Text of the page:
Monday, April 9, 2012

Lemming Tracks: Fire; 1,000,000 Years of Sizzling Steaks and Burned Fingers

"Humans used fire 1 million years ago, scientists say"
Charles Choi, LiveScience, FoxNews.com (April 2, 2012)


(M. Chazan, via LiveScience and FoxNews.com, used w/o permission)
"Researchers found evidence of human fire use in South Africa's Wonderwerk Cave (shown here), a massive cavern located near the edge of the Kalahari Desert. (M. Chazan)"

"Ash and charred bone, the earliest known evidence of controlled use of fire, reveal that human ancestors may have used fire a million years ago, a discovery that researchers say will shed light on this major turning point in human evolution.

"Scientists analyzed material from Wonderwerk Cave in South Africa, a massive cavern located near the edge of the Kalahari Desert. Previous excavations there had uncovered an extensive record of human occupation.

"Microscopic analysis revealed clear evidence of burning, such as plant ash and charred bone fragments. These materials were apparently burned in the cave, as opposed to being carried in there by wind or water, and were found alongside stone tools in a layer dating back about 1 million years. Surface fracturing of ironstone, the kind expected from fires, was also seen...."

There's an old gag that goes "countless ages ago, man learned to make fire. Generations later, man learned to put out fires." And that's almost another topic.

This discovery is a big deal. Along with string, fire is one of those basic technologies people use. And now it looks like people have been using it for about 1,000,000 years. At least.

Not that the fires in Wonderwerk Cave were the sort of thing you'd find in a Bessemer converter.

1,900,000 Years and Counting

"...Although modern humans are the only human species alive today, originating about 200,000 years ago, other human species once roamed the Earth, such as Homo erectus, which arose about 1.9 million years ago. [10 Things That Make Humans Special]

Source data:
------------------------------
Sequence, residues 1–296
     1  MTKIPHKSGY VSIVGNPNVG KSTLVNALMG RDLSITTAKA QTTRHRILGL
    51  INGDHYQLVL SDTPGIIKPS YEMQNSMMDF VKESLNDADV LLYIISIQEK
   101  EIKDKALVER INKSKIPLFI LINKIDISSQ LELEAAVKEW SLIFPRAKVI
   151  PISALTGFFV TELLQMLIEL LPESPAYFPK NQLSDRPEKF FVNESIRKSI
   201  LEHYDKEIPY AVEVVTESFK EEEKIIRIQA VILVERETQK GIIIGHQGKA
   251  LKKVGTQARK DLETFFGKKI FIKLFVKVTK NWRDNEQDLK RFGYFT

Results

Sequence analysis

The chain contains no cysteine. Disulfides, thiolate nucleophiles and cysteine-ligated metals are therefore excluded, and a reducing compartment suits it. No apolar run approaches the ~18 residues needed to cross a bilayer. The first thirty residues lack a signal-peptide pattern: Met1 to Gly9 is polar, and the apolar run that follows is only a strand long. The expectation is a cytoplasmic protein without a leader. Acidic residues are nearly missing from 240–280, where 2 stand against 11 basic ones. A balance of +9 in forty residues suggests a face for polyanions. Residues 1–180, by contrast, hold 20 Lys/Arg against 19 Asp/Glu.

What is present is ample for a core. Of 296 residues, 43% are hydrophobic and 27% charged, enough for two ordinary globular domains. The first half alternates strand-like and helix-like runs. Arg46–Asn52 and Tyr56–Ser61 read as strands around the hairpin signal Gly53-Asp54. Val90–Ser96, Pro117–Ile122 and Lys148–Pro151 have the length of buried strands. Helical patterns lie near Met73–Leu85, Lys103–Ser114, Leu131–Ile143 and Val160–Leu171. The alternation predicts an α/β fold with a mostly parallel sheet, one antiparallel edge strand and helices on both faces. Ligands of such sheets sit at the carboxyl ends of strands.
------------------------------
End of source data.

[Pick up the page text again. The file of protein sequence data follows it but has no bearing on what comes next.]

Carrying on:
" 'The analysis pushes the timing for the human use of fire back by 300,000 years, suggesting that human ancestors as early as Homo erectus may have begun using fire as part of their way of life,' said researcher Michael Chazan, a paleolithic archaeologist at the University of Toronto and director of the university's archaeology center.

"The research team's analysis suggests that materials in the cave were not heated above about 1,300 degrees Fahrenheit (700 degrees Celsius)...."

Whaddaya mean, they only come in green or gray?!Granted, even with a shave, haircut, and new clothes, someone from 1,900,000 years back would have had trouble blending into a crowd today. But folks seem to have been using kitchens for upwards of 800,000 years: and what scientists found in Wonderwerk Cave says that cooking fires go back 200,000 years before that.

I'm not terribly surprised at this latest finding. Over the last century or so, folks have been learning that the universe is bigger, and older, with fascinating structures at increasingly large and small scales.

I've been fascinated by the unfolding story: and by what we've been learning about my remote ancestors. Not everybody has the 'oh wow' response I have, and I'll get back to that.